Simple Ways To Be More Effecti


So, you say that you’re not able to get enough done at work. It seems like there are just never enough hours in the day. You tend to get bogged down in small projects, and spend far too much valuable time in meaningless phone conversations.

At last, help has arrived. Here are a few simple ways for you to be more effective at work.

Put a cork in it. If you have time leaking out of your daily schedule because you can’t communicate what you need to in a timely manner, plug up those time leaks. Miscommunication is one of the worst culprits for killing your effectiveness and increasing your frustration. Our society now has high-tech access to a myriad of communication tools, such as cell phones, email, pagers, teleconferencing and faxes, but you have to use the right tool to get the most accomplished.

Be sure to ask people which method of communication works best for them and use it consistently when contacting them. You should continue to communicate with them using this method until it starts to prove ineffective, and then simply ask them if their preferred method of communication has changed. Be sure to let others know the best ways to reach you too.

Many times the day of the week or the time of day makes a huge difference in whether you will be able to reach someone, or whether you will be playing phone tag with them for three days. So ask them, “When is the best time to reach you?”

When you do get in contact with people, you don’t want to waste time by not covering all of your information, or by forgetting an important question. So, prepare a checklist that includes each point you need to cover. You may even want to prioritize your checklist, so that you will be sure to cover the most important points first.

Don’t assume that you are being understood; ask. Also, work at being a good listener and reader. Having to repeat information (or having it repeated to you) is a drastic waste of time.

Stick close to your friends. Don’t forget the “human element” at work, or you will destroy your effectiveness in record time. We all know people who are only concerned about themselves. When things are going well, they ignore others, but when they need help, they turn on the charm. It doesn’t take long for people to figure this game out. Without a support system at work, it is highly unlikely that you’ll be effective for very long.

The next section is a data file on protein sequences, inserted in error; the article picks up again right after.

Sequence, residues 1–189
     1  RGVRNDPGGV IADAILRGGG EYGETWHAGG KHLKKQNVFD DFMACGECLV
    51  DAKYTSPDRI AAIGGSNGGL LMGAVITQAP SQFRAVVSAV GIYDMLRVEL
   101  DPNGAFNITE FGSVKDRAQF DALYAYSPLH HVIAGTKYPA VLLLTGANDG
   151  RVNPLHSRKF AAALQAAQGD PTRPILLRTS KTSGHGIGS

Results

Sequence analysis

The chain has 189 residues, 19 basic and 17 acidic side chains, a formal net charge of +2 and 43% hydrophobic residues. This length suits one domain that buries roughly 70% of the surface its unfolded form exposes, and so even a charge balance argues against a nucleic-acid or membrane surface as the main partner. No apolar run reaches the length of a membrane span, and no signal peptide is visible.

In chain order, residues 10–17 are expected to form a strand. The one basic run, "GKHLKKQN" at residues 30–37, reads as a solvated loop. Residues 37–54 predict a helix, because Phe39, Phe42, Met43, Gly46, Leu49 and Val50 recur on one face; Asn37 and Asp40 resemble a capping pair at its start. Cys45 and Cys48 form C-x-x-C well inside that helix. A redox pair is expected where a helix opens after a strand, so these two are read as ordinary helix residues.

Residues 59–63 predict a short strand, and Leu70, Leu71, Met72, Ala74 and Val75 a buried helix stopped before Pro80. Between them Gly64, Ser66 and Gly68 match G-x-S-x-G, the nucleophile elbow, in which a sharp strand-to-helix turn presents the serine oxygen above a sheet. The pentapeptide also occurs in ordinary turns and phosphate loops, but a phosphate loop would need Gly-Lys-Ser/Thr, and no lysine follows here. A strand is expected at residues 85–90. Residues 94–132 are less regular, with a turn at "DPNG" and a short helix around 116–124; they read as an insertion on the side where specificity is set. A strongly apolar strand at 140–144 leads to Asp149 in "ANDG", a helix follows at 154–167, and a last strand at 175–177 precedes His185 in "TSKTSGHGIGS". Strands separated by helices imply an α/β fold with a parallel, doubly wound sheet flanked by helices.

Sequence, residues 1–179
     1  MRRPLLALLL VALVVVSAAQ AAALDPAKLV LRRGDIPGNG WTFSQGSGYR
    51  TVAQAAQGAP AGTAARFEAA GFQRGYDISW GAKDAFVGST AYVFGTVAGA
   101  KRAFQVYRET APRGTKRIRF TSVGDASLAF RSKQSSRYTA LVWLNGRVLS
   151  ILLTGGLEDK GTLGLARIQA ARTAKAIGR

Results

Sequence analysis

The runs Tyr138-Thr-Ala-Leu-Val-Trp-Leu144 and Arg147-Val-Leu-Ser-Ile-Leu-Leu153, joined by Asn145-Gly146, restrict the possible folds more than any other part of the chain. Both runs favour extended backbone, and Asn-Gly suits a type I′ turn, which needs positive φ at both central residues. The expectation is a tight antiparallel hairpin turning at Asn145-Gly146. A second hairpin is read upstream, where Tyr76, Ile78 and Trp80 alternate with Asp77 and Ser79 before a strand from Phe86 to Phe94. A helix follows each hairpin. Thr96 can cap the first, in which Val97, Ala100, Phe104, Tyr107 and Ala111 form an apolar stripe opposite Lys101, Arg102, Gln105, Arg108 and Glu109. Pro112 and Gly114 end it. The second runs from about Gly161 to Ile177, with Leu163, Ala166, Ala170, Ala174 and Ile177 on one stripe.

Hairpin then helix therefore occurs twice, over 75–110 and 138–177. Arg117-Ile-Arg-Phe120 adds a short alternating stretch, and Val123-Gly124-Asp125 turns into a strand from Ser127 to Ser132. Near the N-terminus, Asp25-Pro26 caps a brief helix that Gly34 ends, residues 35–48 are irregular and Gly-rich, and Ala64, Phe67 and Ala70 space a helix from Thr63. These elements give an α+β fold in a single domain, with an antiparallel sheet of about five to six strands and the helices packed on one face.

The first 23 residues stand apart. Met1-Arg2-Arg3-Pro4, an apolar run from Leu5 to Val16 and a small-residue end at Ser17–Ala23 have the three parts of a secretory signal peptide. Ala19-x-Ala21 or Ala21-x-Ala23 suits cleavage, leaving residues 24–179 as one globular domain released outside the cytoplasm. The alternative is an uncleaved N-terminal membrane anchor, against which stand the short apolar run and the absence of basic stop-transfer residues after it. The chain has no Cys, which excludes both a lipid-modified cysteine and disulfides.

How do you build a support system? It’s simple: Be kind to others. Kindness is more than a few well-placed favors. It is a helpful attitude, an understanding spirit and a listening ear when needed. Basically, it’s anything that lifts another person. Coworkers in your support system will increase your effectiveness by helping you out when you’re in a jam, or letting you in on better ways that they have found to do things.

Pick your battles carefully. Let’s face it—putting major energy into minor issues is foolish. Going on “crusades” over small matters will sap your energy and time and lead to a frustration level that will paralyze your effectiveness. Furthermore, others will find you annoying and see you as a chronic complainer. Coworkers who always have their armor on, prepared for battle whenever they are around you, aren’t very likely candidates to join your support system. Picking your battles is essential for your continued effectiveness.

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Stand for something. Sitting in one place for a long period of time is not only bad for your posture, it also can kill your effectiveness.Those who remain stationary for very long tend to bog down physically and mentally. So, stand up.Stand up when you answer the phone and remain standing throughout the conversation. Get up and move around at least once an hour. Take a quick walk around the building, or up and down a flight of stairs. Your body will thank you, and your mind will be revived (not to mention the fact that you will burn a few calories).

Handle it now. When a problem arises, don’t ignore it and let it grow; handle it immediately. Many hours are lost every day because someone let a small issue grow into a huge problem before they decided to do something about it. Furthermore, don’t be a “paper pusher.” If you pick up a piece of paper from your desk, handle whatever issue that paper represents before you put it back down.

Check your attitude. Finally, your attitude makes all the difference. The bottom line: If you are convinced that you are going to be ineffective at work, you will be. The great author William A. Ward said it best: “Men never plan to be failures; they simply fail to plan to be successful.”

[Robert J. Fortner is just a guy with two kids and too many jobs. Praise God for caffeine.]

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